The question of why this should be the case, when the topic is important and widely debated, bears reflecting upon more closely. Is it because DEST commissioned an initial paper from an Expert Panel, with the result that the wider Australian public had something to get their teeth into compared with DIUS’s invitation to articulate a perspective? Or, was it a result of the fact that DIUS, a relatively new Department constructed when Gordon Brown took over from Tony Blair as UK Prime Minister in 2007, has yet to be picked up on wider public’s radar? Is the Australian public more used to having their say using new web-based interactive tools, and therefore not phased when invited to do so? Or is the wider public in UK less willing to participate in a public airing of views?

Put another way, how and why is it that the wider Australian public pay attention to, and act upon, an invitation to participate, when their UK counterparts do not?

Whatever the reasons for the differences, or the merits of each of the initiatives, what is clear is that the deployment of new technologies, in themselves, do not necessarily generate participation by a wider polity. Participation is the outcome of the various players being aware of, and prioritizing, interactions of this kind. In other words, new technologies operate within an ‘economy of attention’ – a point well made by Richard Latham in his influential 2006 book The Economics of Attention: Style and Substance in the Age of Information.

Now the essential point Latham is making is that we live in an information economy, and information is not in short supply. In fact, argues Latham, we are “drowning in it”. What is in short supply is ‘attention’! To grab attention, we need stylistic devices and strategies so that what Latham calls ‘stuff’—like debating the future directions for higher education—moves from the periphery to the center of attention.

This raises the interesting question of what stylistic devices and strategies government departments might use to ensure that they grab attention. In our GlobalHigherEd experience, simply ‘being a blog’ out there in the sea of information is not sufficient to generate attention? Moving ‘stuff’ from the periphery to the center takes thought and time; of how to catch and perhaps ride currents of interest. It means paying attention to the unique economy of attention and attempting to direct it in some way. Tags, categories, inter-textual links, networks and search engines all make up this complex terrain of attention getting/attention receiving. In this way, GlobalHigherEd (as well as the Beerkens’ Blog) has managed to contribute, to a degree, to structuring the field of attention – at least in the field of global higher education debates. This point is exemplified in Eric’s pump priming entry, loaded up today, regarding the Times Higher Education World University Ranking of 2008 that will be released tomorrow, and covered in the Beerkens’ Blog amongst several other outlets.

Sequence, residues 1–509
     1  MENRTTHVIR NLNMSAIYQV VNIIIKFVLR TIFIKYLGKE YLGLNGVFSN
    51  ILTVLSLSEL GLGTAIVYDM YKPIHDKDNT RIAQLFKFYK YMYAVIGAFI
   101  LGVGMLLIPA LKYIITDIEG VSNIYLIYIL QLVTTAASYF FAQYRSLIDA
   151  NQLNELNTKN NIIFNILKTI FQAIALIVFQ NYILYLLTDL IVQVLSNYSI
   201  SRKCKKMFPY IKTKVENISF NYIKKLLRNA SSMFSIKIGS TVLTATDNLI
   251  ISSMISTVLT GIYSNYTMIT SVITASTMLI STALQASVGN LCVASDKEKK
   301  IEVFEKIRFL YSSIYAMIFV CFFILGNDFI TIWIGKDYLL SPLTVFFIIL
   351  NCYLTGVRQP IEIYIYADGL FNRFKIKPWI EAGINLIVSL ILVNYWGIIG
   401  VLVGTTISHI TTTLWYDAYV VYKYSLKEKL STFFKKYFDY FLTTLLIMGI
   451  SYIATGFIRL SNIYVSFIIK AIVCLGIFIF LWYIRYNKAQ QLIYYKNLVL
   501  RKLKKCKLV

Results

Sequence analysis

So, to all of you out there who really do have something to add to DIUS’s invitation to participate in wider public debates about the future of Higher Education in the UK on themes that range from part-time studies, demographic challenges, teaching and student experiences, internationalizing higher education, intellectual property, research careers and institutional performance – the soapbox is yours! DIUS really does want to hear from you.

References

Latham, R. (2006) The Economics of Attention: Style and Substance in the Age of Information, Chicago and London: The University of Chicago Press.

Susan Robertson

China: from ‘emerging contender’ to ‘serious player’ in cross-border student mobility

Last year we carried a series of reports (see here, here and here) on the global distribution of student mobility. While the US and the UK had the lion’s share of this market, with 22% and 12% respectively, we noted China had made big gains. With 7% of the global market and in 6th place overall, it was an ’emerging contender’ to be taken seriously, with trends suggesting that it was a serious player as a net ‘exporter’ and importer of education services.

So it was with great interest I read today’s Chronicle of Higher Education report by reporter Mara Hvistendahl, on China now being ranked in 5th place (behind the US, UK, France and Germany) as an “importer” of foreign students. See this OECD chart, from its new Education at a Glance 2008 report, to situate this development trend and China’s current position [recall that China is not an OECD member country].

As the Chronicle report notes, this is a far cry from China’s 33 overseas students in 1950.

Given, too, that in 1997 there were only 39,000 foreign students whilst in 2007 there were some 195,000, this 5-fold increase in numbers in 10 years (Chinese Ministry of Education and the China Scholarship Council) represents a staggering achievement and the one that is likely to continue. So, how has China achieved this. According to the Chronicle report:

To attract students, China offers competitive packages, replete with living stipends, health insurance, and, sometimes, travel expenses. In 2007 the China Scholarship Council awarded 10,000 full scholarships — at a cost of 360 million yuan ($52-million) — to international students. By 2010 the council aims to double the number of awards.

Two-fifths of the 2007 grants went to students in Asia. In a separate scholarship program that reflects its global political strategy, China is using its strengths in science and technology to appeal to students in the Middle East, Africa, and Central Asia, forming partnerships with governments in those regions to sponsor students in medicine, engineering, and agriculture.